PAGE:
• Danielle Henderson

Mayor Murray met with several leaders of the African and African American community yesterday at the Langston Hughes Performing Arts Institute to start a conversation about race and inequality in Seattle. The room was packed, and the mayor listened to two hours of presentations on education, housing, arts, community and economic development, STEM professions, digital access, family services, and youth culture.

This event was organized by the mayor’s transition advisory team, including co-conveners Dawn Mason and Mohammed Sheikh Hassan, who joined hands in a historic moment as a show of strength that joined the African American and African immigrant population. Mason said that there is no difference between the two groups, and they welcome the chance to “march together towards justice and freedom.” She also noted that there was plenty of opportunity to work with the city, and hoped that they would “no longer have money used in the name of our children” without community input on how those funds can best be utilized.

Most of the speakers were quick to tell the mayor that Seattle is not as diverse as it thinks it is, and Murray agreed.

Elmer Dixon, co-founder of the Seattle Black Panthers and President of Executive Diversity Services, Inc., said that Seattle is seen as liberal and progressive, but only if you look at it through a white lens, and that “Seattle’s black community jointly experiences a different Seattle that offers a less engaging reality.” Fourteen-year old Marcelas Owens backed that up by saying he and other African American children in the city “struggle harder because we’re looked at differently.” Education was a big focus of the event—Erin Jones, Director of Achievement for Federal Way Schools, passionately informed the crowd that “public schools in the US were not designed with our children in mind," and Seattle native Zithri Ahmed Saleem, a non-profit executive and developer, said that he felt unsupported at school and had to look outside of the educational system to find opportunities to embrace his “inner nerd.”

Organizer Karen Toering brought up the hot topic of city-wide internet access, saying the “municipality can help us be a 21st century community by ensuring the least of us has access to the whole internet.” A lot of people say that the library is a good option for people who don’t have internet access, but Toering pointed out that you can only sign up to use library computers for 30 minutes at a time, which is not enough time to get creative and be engaged. Also, it's sort of messed up to just be okay with the fact that entire neighborhoods have less than sufficient internet access, right?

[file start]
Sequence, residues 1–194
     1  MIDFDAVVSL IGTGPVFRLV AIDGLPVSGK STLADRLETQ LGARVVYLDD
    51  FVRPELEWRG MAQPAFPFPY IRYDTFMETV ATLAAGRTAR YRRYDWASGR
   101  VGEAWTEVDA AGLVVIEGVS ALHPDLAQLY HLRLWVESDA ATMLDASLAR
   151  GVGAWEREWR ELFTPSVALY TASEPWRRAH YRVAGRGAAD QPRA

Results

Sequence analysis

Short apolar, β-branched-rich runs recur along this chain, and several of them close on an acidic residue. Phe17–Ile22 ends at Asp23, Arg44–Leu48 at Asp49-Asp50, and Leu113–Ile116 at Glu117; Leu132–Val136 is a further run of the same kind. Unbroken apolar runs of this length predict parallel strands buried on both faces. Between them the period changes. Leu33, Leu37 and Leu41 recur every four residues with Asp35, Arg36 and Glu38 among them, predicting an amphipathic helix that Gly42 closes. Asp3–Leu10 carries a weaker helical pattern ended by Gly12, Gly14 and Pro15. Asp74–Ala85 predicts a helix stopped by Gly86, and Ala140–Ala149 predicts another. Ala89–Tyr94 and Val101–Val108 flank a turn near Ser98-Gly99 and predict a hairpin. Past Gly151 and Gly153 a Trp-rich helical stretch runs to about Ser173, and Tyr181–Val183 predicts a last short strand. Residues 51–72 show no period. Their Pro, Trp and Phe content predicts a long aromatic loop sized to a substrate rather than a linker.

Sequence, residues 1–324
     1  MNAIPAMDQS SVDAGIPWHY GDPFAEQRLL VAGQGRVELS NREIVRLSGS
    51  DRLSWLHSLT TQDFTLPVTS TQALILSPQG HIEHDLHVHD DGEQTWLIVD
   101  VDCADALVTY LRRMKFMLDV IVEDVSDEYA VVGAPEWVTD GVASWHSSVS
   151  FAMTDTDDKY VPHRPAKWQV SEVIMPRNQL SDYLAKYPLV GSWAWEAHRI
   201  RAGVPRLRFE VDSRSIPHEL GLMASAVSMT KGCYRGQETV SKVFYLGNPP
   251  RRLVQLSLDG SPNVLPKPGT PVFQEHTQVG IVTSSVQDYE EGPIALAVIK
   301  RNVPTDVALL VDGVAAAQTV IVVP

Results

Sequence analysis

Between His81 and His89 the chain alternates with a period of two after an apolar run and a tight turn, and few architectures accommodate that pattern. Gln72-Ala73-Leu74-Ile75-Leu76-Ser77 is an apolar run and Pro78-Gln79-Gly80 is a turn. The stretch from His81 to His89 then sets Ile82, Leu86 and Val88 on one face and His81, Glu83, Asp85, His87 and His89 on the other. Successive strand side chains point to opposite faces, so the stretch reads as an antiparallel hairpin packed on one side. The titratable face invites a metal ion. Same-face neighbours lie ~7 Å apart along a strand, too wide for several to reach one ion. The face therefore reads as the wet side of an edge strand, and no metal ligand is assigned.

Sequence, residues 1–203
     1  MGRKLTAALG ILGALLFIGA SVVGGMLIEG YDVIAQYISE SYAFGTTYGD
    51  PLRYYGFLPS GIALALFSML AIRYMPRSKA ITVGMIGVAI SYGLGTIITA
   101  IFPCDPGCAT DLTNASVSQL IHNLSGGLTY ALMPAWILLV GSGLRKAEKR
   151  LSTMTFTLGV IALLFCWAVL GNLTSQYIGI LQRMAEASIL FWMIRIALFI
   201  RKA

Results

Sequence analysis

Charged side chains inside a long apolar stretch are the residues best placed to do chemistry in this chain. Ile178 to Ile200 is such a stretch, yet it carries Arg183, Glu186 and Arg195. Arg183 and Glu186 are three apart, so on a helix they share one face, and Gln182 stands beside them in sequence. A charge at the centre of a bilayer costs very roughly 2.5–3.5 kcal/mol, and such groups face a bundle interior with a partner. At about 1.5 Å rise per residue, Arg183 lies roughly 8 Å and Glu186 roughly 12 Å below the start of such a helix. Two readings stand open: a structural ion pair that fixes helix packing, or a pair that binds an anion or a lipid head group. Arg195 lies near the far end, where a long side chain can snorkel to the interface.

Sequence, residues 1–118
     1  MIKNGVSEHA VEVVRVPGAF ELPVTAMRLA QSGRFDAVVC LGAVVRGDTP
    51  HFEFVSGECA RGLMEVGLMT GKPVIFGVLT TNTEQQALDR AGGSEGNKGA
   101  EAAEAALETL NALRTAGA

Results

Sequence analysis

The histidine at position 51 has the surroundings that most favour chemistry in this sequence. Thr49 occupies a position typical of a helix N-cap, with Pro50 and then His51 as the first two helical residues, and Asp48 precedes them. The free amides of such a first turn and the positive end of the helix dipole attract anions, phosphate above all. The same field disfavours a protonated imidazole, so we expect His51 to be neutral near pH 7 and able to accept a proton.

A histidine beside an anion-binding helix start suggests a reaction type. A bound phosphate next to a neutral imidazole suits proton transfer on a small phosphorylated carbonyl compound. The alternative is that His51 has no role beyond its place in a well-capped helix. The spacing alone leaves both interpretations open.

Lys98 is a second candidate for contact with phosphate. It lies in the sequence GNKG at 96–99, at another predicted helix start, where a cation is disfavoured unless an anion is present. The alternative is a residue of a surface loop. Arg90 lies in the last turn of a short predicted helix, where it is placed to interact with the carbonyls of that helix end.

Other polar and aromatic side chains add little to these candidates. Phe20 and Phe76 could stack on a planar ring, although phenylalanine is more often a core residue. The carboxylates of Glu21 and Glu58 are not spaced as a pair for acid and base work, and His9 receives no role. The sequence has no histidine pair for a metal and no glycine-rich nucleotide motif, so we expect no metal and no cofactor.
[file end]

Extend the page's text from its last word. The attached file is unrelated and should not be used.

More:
Felix Ngoussou of Community Capital Development got a standing ovation when he said, “We want to be at the table—for too many years we’ve only been on the menu,” and the crowd flipped out when Lola Peters introduced Mayor Murray by asking him to “pay attention to the dozens of people standing up here telling you how we can grow and strengthen ourselves—give power to our voices, not voices that speak for us.”

When Mayor Murray took the podium, he talked for about ten minutes, which was respectful considering he was primarily there to listen. He didn’t come to the event with prepared remarks, instead choosing to respond on the spot, which was a smart move. Murray heard a lot of people asking for a space at the table, and said that he’s “trying to build an administration where you don’t have to ask that.” There was a huge standing ovation when he brought Interim SPD Chief Bailey to the podium for a few seconds, and Murray wondered why it took “the first gay mayor to appoint the first African American chief of police” even though he had heard nothing but stellar comments about Bailey over the years. K. Wyking Garret of the Umoja PEACE Center wants to move forward on a project to recognize Africatown, and Murray got a standing ovation when he said he wants the city to say Africatown Central District the way we say Chinatown International District. There were a shitload of standing ovations—everyone was really excited for the chance to be heard!

I was most surprised when Mayor Murray admitted that diversity in Seattle was stagnant, and that “Seattle likes to talk diversity, but statistics don’t bear that out.” He thinks that collaboration is the way forward, and challenged everyone in the room to check in with him next year to see if he’s made any movement on the issues presented. He said it, so let’s hold him to it!